Poor customer care threatens business reforms

The poor customer care among the business community is undermining Rwanda’s progress in business trends, according to an official from Rwanda Development Board (RDB). Frank Twagira, Coordinator of Doing Business at RDB said that poor customer care is evident in most districts in the country where endorsement of the investor’s license is done after weeks or months.
Central Bank building: Bank has the task to improve service delivery in financial institutions.
Central Bank building: Bank has the task to improve service delivery in financial institutions.

The poor customer care among the business community is undermining Rwanda’s progress in business trends, according to an official from Rwanda Development Board (RDB).

Frank Twagira, Coordinator of Doing Business at RDB said that poor customer care is evident in most districts in the country where endorsement of the investor’s license is done after weeks or months.

“This is something that can be done in a few days. They don’t know that this affects doing business in the country,” he said.

His comments come just months after the World Bank ranked Rwanda as the world’s top reformer in the ease of doing business.

Twagira further disclosed that his office is tasked with implementing a three year doing business plan but reiterated that poor customer care was one of the major hindrances.

He said this during a forum that convened representatives of financial institutions at Serena Hotel in Kigali City.

The meeting that was organised by the Private Sector Federation (PSF) and RDB aimed at pooling institutions together to discuss solutions for poor customer care within their operations.

François Kanimba, the Governor of the Central Bank said that he had had a one on one dialogue with every institution on the improvement of the financial sector.

Kanimba said that since the talks the institutions have embarked on action plans and have made improvements.
“I talked to every institution and they have increased the access to financial services.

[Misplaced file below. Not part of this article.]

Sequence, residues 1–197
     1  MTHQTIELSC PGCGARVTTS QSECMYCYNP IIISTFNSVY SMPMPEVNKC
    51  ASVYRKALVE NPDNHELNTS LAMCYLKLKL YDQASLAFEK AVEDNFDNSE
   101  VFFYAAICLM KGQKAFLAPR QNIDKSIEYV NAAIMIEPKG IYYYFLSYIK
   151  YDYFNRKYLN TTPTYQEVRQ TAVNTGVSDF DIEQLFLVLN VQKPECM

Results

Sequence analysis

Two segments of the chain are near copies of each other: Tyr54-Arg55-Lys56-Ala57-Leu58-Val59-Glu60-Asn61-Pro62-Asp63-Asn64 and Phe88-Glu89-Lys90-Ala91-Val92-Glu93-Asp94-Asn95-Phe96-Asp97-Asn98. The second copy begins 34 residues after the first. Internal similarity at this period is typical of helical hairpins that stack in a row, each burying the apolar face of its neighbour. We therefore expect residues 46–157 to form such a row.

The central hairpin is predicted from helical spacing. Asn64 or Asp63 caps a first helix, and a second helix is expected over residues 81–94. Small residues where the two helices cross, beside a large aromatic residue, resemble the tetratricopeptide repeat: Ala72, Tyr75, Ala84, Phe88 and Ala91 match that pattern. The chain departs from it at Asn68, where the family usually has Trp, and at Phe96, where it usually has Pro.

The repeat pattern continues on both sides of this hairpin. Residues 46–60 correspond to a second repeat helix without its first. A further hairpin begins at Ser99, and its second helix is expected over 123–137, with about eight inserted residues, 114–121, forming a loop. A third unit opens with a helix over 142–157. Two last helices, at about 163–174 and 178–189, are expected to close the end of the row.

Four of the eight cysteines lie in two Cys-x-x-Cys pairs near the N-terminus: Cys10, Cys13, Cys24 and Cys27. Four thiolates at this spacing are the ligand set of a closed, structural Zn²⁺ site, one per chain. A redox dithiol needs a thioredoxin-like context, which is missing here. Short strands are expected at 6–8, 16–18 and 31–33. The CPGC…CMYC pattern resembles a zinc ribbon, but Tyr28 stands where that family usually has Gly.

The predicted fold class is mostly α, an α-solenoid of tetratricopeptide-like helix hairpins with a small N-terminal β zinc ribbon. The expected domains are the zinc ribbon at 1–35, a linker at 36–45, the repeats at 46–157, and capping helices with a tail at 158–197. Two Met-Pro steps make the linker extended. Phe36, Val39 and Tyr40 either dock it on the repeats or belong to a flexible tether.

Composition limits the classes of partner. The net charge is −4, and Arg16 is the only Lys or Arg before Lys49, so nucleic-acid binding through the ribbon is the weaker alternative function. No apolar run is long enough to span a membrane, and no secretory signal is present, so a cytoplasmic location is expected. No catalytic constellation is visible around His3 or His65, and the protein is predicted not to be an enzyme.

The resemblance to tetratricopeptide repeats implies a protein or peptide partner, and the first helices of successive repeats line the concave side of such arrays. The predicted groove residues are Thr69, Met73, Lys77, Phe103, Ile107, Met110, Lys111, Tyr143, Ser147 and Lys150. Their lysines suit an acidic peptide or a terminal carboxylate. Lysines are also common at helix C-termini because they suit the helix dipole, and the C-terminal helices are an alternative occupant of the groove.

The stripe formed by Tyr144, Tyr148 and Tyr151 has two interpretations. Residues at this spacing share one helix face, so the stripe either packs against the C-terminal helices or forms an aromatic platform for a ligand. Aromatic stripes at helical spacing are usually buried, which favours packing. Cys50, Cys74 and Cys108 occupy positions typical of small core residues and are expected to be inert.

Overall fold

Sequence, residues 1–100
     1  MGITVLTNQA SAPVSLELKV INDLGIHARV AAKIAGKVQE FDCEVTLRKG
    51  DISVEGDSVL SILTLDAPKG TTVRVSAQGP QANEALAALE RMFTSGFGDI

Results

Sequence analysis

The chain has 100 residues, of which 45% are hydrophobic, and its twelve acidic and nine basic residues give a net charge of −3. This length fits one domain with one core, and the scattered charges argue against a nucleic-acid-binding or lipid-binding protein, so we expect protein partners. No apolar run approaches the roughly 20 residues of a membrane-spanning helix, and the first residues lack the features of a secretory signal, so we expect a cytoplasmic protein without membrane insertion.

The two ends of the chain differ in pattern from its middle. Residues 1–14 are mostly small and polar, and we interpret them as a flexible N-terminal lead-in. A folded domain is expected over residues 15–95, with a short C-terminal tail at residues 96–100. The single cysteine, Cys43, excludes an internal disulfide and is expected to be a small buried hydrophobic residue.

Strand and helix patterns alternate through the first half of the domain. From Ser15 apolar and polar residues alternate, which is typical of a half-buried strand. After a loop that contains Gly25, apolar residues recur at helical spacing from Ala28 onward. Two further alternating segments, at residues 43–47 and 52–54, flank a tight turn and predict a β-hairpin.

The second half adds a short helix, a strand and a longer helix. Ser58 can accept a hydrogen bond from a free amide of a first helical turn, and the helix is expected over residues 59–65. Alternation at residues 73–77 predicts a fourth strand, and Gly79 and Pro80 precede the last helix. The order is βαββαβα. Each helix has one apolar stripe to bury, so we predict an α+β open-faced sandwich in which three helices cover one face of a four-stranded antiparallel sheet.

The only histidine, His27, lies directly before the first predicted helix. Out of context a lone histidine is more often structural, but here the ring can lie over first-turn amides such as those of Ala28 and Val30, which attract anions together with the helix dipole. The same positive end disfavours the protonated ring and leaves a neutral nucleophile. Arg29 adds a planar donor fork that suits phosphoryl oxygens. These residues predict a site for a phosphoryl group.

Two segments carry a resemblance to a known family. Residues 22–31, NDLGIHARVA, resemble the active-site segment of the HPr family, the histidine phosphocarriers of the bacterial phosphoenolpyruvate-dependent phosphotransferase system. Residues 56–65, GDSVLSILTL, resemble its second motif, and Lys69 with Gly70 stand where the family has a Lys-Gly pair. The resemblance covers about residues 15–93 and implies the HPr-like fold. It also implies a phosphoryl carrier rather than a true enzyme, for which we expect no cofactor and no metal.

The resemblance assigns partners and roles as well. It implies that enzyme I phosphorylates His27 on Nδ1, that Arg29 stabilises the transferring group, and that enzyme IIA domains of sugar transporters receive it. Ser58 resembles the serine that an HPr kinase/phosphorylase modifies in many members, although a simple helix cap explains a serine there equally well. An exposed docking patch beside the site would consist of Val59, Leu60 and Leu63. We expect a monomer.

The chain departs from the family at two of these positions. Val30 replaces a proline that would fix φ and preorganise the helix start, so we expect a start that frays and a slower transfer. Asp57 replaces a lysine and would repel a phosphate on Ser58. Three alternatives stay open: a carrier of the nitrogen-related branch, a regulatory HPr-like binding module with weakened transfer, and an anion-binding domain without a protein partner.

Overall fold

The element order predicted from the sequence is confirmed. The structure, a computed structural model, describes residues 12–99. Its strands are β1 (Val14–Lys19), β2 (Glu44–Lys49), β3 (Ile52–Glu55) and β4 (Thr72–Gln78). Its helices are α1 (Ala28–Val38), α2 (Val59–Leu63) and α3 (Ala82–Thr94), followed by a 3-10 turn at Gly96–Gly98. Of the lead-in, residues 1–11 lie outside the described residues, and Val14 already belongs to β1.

They have opened up branches in rural areas, people don’t have to move from the villages to bank money in the city,” he said.

However, he underscored that the customer care issue needed to be considered more by financial institutions.
“They (financial institutions) have made improvements but customer care needs more effort,” he said.

Last year, On The Frontier (OTF) Group, an American consultancy on competitiveness carried out a survey on the situation of customer care and estimated that the country was losing $40m (Rwf22.8b) annually.

Kanimba said that this estimate could be less than what the country loses in real terms.

In another survey carried out by OTF on the relationship of businesses and financial institutions that was presented during the discussion, it pointed out the businessmen’s recurrent complaints.

The stakeholders included banks, Microfinance Institutions (MFIs) and insurance companies.

The survey that was carried out on 900 business entities disclosed that there was bureaucracies in banks, hindering easy access to credit and that Rwanda’s financial institutions had limited understanding of the business community.

In reaction some of the heads of financial institutions reiterated that the clients needed to get acquainted with the operations of the financial institutions.

“They don’t expect to come to a bank and get a loan. There are procedures and requirements that must be followed,” said Steve Caley, Managing director of FINA Bank, who is also the Chairman of the Association of Financial institutions in Rwanda.

But he added that the financial institutions must improve on quick services for the clients.

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